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“boats were made of wood and men were made of steel”

I saw this phrase in this webcomic. From the context I guess it means "long time ago". I couldn't find anything about this on the web except a book with the same name. Is this a reference to the book, or an English saying? What does it mean exactly?

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The English are famously nostalgic about their naval tradition, which mostly comes from the late age of sail, 1750-1850. During that era, ships were invariably built from wood, and the sailors who crewed them are, in imagination and literature, depicted as strong and unyielding- like steel. "Wooden ships and iron men" is something of a cliche in referring to that era.

The C&H cartoon imagines an old man reminiscing about the past, and suggests that he's alluding to that era of wooden sailing ships. But his further comment in the third panel reveals that he's really talking about an (imaginary, of course) battle between a navy with wooden ships and cyborgs- men literally made of steel: robots.

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    It would be better to say the British are famously nostalgic about their naval tradition, many great sailors came from Scotland, Wales and Ireland.
    – Sarriesfan
    Oct 28 '16 at 23:11
  • @Sarriesfan - "many great sailors came from Scotland, Wales and Ireland" I'm sure they did but are they famously nostalgic about it? That is the question. Jan 12 at 14:00
  • Yes as ship builders and ship’s engineers, that’s why Scotty is on the Enterprise in Star Trek.
    – Sarriesfan
    Jan 28 at 19:40
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https://www.military-quotes.com/forum/wooden-ships-iron-men-t71288.html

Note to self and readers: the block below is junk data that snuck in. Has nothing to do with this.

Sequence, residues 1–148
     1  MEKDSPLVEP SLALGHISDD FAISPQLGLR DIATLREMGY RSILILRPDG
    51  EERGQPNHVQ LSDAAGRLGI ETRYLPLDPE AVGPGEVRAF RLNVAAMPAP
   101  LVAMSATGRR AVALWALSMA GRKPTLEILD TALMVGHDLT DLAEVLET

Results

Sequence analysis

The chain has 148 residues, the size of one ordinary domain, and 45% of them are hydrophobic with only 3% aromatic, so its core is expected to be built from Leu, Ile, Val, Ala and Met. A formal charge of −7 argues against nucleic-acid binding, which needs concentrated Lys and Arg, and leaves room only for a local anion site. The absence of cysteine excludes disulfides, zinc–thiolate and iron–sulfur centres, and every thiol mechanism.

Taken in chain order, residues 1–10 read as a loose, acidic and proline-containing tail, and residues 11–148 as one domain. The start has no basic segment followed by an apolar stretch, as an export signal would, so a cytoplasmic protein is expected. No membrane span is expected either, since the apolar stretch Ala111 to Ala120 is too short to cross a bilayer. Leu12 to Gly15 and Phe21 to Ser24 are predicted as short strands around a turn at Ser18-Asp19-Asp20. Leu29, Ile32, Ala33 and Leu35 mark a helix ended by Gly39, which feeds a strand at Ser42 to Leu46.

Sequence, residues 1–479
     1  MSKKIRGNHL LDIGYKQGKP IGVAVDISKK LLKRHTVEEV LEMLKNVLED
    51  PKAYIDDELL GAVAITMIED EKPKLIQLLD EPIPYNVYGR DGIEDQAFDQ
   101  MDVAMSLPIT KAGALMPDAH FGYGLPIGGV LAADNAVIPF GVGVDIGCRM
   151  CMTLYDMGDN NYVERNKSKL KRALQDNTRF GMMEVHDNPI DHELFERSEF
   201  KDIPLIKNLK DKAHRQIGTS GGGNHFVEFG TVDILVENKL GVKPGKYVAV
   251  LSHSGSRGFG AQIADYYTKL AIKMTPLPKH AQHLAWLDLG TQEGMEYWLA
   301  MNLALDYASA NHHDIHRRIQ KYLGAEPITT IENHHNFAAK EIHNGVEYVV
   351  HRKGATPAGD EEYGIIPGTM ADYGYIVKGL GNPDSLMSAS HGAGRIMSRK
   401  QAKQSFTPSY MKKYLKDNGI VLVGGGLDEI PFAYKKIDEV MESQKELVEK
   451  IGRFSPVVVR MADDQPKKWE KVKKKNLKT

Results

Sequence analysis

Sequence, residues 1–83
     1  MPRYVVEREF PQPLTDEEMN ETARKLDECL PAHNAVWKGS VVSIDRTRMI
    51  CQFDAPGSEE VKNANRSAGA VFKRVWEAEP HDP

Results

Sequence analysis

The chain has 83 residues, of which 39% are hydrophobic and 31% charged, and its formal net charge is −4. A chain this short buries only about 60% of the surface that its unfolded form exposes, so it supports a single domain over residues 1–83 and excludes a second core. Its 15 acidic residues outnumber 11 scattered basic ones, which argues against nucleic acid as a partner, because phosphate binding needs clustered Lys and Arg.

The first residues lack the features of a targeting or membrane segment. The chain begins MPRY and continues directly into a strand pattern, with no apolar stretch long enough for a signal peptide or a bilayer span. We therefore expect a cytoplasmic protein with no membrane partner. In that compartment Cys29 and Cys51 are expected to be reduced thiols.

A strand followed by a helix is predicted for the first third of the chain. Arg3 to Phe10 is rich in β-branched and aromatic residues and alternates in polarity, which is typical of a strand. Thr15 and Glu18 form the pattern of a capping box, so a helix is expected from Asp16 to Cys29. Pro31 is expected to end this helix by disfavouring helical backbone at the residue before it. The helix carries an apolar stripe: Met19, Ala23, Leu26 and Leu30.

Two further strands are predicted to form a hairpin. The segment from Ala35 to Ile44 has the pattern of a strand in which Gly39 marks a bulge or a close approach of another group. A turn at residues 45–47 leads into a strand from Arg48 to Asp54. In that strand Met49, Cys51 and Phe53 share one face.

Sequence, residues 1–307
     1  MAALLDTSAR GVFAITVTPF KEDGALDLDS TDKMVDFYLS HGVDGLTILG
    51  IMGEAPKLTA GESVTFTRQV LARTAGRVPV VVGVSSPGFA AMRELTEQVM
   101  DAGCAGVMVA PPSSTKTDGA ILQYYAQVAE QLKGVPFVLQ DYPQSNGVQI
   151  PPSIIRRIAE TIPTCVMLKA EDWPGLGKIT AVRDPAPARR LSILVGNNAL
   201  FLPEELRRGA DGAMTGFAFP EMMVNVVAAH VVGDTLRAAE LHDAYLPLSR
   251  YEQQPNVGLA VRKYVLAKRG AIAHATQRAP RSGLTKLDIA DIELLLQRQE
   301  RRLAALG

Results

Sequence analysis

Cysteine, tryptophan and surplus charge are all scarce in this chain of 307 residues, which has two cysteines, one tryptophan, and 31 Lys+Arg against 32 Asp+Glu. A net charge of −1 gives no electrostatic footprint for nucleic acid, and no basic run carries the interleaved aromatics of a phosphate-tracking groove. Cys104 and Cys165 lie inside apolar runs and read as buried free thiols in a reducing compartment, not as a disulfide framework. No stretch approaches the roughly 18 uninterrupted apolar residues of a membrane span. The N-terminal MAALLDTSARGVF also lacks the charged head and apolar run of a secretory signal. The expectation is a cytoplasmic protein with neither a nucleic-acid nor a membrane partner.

The poem "Clipper Ships and Captains" by Rosemary and Stephen Vincent Benet, starts with:

There was a time before our time,
It will not come again,
When the best ships still were wooden ships
But the men were iron men.

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This phrase is a clever analogy referring to the the strengthening of man’s technology and the weakening of man’s physical strengths and abilities. Boats were made of wood and our forefathers were fearless and tough. Now boats are made of steel and we are frightful and weak. Our forefathers used to hunt for food and now we just press buttons on a phone while sitting on the couch. Our forefathers fight diseases and illnesses now we cower in our homes for protection instead of addressing preexisting conditions that make us more susceptible.

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The phrase was used to refer to men who served on smaller ships. Smaller ships like frigates, at some point, used to made from wood while larger ones like cruisers were made from steel. Life was harder on the smaller ones because the crew had less space.

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